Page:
The Secretary of State was concerned to find a balance between the conflicting requirements of coterminosity and practicability in health service terms. His decisions differed in some respects from the recommendations of the London Advisory Group.15 In only one case was a district established which contained more than one teaching hospital, Bloomsbury. Much work had gone on behind the scenes over the previous months; the suggestion of the amalgamation of the medical schools had been raised by Department officers with the Deans of UCH and the Middlesex Medical Schools and they had spoken to each other and the staff. The University had been consulted and when it was clear that the amalgamation was possible the Deans had seen the Secretary of State. Similarly, off-the-record discussions took place with Deans of the general teaching hospitals about the integration of smaller postgraduate medical schools. The Westminster, sure that it was secure, refused to consider turning itself in part to a postgraduate centre. St Thomas' preferred dermatologists to urogenital surgeons. Once the decisions were announced they were accepted with good grace and an evident desire to take advantage of the consolidation of two undergraduate teaching hospitals and three postgraduate groups, St Peter’s, the Royal National Orthopaedic and the Royal National Throat, Nose and Ear hospitals. The grouping gave the Bloomsbury district authority a worthwhile management task and avoided the risk of separate authorities each bent on the defence of its own institutions. In London as a whole coterminosity remained a major feature. 27 out of 33 London boroughs related to only one district and 18 were coterminous with the matching health authority. Feelers to other medical schools put out by the Department showed that the ground was not fertile for other amalgamations.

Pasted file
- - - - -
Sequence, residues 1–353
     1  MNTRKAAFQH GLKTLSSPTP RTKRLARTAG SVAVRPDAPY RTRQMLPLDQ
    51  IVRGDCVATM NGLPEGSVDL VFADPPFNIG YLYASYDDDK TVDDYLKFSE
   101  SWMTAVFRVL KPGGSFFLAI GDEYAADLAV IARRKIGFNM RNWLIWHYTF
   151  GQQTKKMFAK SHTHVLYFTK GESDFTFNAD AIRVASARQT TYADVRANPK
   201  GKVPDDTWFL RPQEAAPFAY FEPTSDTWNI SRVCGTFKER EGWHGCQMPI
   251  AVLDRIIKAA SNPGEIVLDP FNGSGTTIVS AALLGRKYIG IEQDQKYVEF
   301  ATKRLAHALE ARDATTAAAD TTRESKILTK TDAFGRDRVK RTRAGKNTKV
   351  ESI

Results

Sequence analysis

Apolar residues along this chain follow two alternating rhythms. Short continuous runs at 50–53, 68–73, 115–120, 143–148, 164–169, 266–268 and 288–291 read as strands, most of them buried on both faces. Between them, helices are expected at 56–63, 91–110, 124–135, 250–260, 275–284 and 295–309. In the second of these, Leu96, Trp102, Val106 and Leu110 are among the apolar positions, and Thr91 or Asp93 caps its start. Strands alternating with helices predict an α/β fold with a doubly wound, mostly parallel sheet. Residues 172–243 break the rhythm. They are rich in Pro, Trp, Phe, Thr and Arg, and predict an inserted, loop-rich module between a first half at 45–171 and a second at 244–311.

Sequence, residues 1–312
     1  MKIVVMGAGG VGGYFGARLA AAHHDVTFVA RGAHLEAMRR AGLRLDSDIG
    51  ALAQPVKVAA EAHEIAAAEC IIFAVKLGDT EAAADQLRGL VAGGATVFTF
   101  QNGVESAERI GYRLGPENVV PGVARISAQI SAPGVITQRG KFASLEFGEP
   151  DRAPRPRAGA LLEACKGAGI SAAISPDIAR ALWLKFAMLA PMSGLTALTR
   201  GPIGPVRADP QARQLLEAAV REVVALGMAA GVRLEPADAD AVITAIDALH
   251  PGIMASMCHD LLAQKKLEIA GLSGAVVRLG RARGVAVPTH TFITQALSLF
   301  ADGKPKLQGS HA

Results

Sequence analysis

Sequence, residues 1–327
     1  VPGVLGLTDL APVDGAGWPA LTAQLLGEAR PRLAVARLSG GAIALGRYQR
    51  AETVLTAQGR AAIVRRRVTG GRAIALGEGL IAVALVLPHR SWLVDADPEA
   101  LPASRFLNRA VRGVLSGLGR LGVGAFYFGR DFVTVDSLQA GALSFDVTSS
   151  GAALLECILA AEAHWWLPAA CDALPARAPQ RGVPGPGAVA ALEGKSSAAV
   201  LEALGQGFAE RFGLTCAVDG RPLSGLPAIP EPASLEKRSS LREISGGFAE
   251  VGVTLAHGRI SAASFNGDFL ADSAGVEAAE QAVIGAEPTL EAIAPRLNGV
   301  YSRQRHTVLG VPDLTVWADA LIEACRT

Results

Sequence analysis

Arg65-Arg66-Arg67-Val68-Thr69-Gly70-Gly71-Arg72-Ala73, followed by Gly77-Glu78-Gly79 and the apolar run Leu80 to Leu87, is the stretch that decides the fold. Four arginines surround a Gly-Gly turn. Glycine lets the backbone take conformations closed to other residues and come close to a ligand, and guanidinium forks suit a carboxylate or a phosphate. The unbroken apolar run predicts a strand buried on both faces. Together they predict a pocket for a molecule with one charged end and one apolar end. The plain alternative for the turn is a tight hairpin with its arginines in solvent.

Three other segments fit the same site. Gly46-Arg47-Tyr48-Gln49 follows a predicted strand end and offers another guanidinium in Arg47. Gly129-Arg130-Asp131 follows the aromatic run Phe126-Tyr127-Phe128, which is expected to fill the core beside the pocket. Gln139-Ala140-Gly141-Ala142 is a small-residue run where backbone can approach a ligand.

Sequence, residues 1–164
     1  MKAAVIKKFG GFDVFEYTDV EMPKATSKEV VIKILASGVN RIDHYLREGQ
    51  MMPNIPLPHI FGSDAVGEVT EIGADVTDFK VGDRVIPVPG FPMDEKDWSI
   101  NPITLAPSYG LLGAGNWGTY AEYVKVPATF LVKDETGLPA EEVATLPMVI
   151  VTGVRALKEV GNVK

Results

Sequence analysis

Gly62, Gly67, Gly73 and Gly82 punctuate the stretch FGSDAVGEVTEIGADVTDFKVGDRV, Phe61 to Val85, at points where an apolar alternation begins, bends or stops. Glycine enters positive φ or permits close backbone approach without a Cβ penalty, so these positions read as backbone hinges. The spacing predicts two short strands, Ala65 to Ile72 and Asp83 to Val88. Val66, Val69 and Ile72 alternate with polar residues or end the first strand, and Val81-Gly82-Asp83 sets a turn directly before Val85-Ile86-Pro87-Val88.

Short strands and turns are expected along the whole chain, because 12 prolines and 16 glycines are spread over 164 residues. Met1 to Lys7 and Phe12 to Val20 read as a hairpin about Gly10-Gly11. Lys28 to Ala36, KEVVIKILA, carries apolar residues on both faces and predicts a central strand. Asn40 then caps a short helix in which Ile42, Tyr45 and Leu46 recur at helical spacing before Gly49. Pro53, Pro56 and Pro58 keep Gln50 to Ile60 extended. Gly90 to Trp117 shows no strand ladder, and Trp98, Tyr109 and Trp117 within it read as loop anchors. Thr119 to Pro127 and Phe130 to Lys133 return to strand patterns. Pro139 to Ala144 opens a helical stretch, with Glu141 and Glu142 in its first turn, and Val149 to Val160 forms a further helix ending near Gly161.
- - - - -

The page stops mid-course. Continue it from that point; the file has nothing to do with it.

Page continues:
With the publication of the London Advisory Group’s last report its work was complete, and it was disbanded in 1981 at the same time as the London Health Planning Consortium.
The decisions of the University of London